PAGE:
Wednesday, August 18, 2010

SO Override HOWTO

Since I started eating my own dog food (but more about that later), I've met with the same problem many of other DZ users already have: the fact that system is not quite that accessible. Easy to control, yes, but not accessible. You can't just push a button passing by the thermostat in the hallway.

And the worst situation you may find yourself in is when you're asleep or away, and someone in the house wants things warmer or colder. Oh no, you don't want that (yeah, and that tooth had to be removed anyway).

But there is a solution.


Granted, totally ugly, but totally dependable.

How It Works

When you connect the relay board, you connect it not directly to HVAC cable or the unit itself, but as a piggyback to an existing thermostat. Let's consider RTH7500 (above) as an example.

Determine Wiring Scheme

Find the manual for your thermostat (here's a link to RTH7500 manual). Find the diagram for your specific installation (mine is on page 10, "Connect wires: Heat Pump").

Thus, you now know what wires to connect. For the example above I needed red, orange, yellow and green.
Careful! your HVAC installer may have used different colors, you have to look at the markings, not at the wire color!
Get yourself a piece of thermostat cable, or just find appropriate wires.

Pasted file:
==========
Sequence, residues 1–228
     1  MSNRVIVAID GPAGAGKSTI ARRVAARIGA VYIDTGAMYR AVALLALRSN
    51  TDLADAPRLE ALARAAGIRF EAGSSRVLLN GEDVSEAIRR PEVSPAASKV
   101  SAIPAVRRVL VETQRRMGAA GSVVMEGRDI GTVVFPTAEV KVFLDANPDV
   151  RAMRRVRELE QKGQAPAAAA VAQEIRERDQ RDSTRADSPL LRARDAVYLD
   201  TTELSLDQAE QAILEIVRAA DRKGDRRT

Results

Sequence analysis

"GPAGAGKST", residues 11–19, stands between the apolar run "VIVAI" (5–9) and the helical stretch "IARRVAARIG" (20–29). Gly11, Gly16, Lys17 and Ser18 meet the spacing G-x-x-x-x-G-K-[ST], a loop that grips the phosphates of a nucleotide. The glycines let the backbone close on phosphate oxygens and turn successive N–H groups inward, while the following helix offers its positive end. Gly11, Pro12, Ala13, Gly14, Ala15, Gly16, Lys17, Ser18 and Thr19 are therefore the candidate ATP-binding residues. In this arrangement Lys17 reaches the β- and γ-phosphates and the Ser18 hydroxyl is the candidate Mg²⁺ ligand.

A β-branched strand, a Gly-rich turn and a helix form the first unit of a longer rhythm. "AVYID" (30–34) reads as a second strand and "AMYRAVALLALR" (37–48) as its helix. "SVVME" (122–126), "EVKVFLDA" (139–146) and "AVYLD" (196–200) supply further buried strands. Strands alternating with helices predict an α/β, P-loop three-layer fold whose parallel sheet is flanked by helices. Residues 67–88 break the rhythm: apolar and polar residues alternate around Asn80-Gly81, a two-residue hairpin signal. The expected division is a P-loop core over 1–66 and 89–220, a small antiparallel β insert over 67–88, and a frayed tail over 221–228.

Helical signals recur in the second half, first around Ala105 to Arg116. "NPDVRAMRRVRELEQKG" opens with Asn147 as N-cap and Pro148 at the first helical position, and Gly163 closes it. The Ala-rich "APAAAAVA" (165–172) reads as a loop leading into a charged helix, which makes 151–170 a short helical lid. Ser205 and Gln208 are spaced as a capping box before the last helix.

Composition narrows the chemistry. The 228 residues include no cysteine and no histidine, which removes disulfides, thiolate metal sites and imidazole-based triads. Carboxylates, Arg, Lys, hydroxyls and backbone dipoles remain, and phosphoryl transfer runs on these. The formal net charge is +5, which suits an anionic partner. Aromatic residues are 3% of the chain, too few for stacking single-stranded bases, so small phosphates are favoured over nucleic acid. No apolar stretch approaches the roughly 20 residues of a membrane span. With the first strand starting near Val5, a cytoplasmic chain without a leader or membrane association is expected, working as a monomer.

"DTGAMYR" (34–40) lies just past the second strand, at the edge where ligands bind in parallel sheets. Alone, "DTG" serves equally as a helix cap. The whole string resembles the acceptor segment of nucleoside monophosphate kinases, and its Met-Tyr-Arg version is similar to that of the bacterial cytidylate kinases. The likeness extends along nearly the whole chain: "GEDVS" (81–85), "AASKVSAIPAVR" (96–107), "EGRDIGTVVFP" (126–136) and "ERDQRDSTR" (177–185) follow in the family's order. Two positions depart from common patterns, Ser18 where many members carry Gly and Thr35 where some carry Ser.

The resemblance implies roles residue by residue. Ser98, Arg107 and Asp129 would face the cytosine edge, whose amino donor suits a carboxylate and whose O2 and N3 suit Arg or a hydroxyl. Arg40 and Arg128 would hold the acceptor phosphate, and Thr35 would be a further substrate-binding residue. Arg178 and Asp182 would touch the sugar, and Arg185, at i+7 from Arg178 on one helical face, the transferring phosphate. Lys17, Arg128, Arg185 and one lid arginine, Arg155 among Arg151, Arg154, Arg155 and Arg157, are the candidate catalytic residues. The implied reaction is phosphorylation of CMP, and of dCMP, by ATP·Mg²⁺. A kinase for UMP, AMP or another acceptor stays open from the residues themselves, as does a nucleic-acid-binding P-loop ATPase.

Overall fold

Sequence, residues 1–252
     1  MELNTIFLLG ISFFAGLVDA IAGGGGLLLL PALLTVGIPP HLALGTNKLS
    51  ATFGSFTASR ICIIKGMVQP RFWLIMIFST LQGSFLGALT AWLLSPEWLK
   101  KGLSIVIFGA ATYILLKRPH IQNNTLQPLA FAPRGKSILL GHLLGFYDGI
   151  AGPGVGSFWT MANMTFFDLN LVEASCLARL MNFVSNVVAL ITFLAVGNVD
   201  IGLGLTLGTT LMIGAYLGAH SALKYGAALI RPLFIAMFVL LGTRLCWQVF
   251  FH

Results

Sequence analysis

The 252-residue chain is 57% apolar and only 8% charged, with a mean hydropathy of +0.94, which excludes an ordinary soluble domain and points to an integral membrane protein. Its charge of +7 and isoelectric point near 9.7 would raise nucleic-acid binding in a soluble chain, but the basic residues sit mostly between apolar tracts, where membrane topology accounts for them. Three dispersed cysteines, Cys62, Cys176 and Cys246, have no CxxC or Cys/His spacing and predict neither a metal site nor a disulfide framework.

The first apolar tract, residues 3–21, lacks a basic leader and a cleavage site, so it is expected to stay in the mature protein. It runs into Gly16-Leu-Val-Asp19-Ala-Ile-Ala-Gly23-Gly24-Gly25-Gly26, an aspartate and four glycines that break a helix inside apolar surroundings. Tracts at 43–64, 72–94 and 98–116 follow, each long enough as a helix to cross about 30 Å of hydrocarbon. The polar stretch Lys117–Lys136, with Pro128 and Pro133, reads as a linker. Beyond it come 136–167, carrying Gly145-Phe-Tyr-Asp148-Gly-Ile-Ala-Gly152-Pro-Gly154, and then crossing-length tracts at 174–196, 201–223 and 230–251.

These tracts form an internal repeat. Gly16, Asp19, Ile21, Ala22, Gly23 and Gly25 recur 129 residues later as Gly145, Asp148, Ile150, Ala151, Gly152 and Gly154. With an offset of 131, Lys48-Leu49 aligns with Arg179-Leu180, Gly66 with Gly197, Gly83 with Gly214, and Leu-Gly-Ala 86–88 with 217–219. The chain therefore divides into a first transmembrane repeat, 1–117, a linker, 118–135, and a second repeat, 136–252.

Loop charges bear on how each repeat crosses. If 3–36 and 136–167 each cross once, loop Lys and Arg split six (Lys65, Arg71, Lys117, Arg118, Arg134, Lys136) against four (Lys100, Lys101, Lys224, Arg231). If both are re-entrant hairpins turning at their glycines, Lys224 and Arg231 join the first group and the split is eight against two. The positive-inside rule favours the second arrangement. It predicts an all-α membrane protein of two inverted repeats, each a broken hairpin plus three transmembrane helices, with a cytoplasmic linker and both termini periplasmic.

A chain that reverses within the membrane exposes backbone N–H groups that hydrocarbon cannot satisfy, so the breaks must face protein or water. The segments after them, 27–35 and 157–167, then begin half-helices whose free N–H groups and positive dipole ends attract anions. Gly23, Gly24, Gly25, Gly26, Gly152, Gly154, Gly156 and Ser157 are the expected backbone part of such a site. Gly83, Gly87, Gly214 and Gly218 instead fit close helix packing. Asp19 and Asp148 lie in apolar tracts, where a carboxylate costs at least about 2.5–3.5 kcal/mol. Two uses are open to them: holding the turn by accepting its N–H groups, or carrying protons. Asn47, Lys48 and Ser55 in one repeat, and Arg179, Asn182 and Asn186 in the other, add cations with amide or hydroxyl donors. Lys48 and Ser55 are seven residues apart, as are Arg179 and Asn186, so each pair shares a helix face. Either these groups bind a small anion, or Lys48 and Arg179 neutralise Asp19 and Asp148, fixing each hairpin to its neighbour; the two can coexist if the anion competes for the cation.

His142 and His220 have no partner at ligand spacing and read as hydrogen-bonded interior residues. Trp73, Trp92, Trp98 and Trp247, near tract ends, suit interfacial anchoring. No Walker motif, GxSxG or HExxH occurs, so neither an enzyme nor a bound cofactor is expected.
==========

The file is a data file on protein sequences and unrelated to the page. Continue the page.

Connect the relay board

Red wire is the common wire, connect it to all "common" contacts. Connect other wires as appropriate.


There are two common thermostat connection schemes - (white and yellow) vs. (yellow or white and orange) or (yellow or white and blue). Orange and blue wires are mode selectors - you need to know which exactly is the scheme your thermostat uses. For example, RTH7500 uses yellow plus orange ("energize to cool") and I connected it to NC contacts, since most of the year the thermostat is in cooling mode. Your mileage may vary.

Congratulations, you're done

So how does all this help you? Simple.

First of all, you set the thermostat much higher (assuming cooling mode) than it is necessary (if you take a look at the big picture, you'll see that the thermostat is set to 90°F) and set it to permanent hold. Then when you're not around and there is a desperate need to change settings, all that needs to be done is
  • Press the "Use Schedule" button (or the equivalent);
  • (optional) Disconnect the power to the relay board.
Added benefit is that whenever anyone is compelled to do so, the home climate will return to abominable state it was before, and the temptation will disappear for a long time.

PS: I am working on a more permanent solution, right now.


  1. You mean there's no app for that?

  2. Read again: PS: I am working on a more permanent solution, right now.

    Yes, there will be an app for that.

  3. To me this is an excellent plus in favor of wifi thermostats... No extra hardware needed even, though it would take some software smarts to make it work completely seemlessly. The real bonus is that the price difference is minimal. The one-wire relay boards are $80 and a filtrete thermostat is $100 and available at every home depot.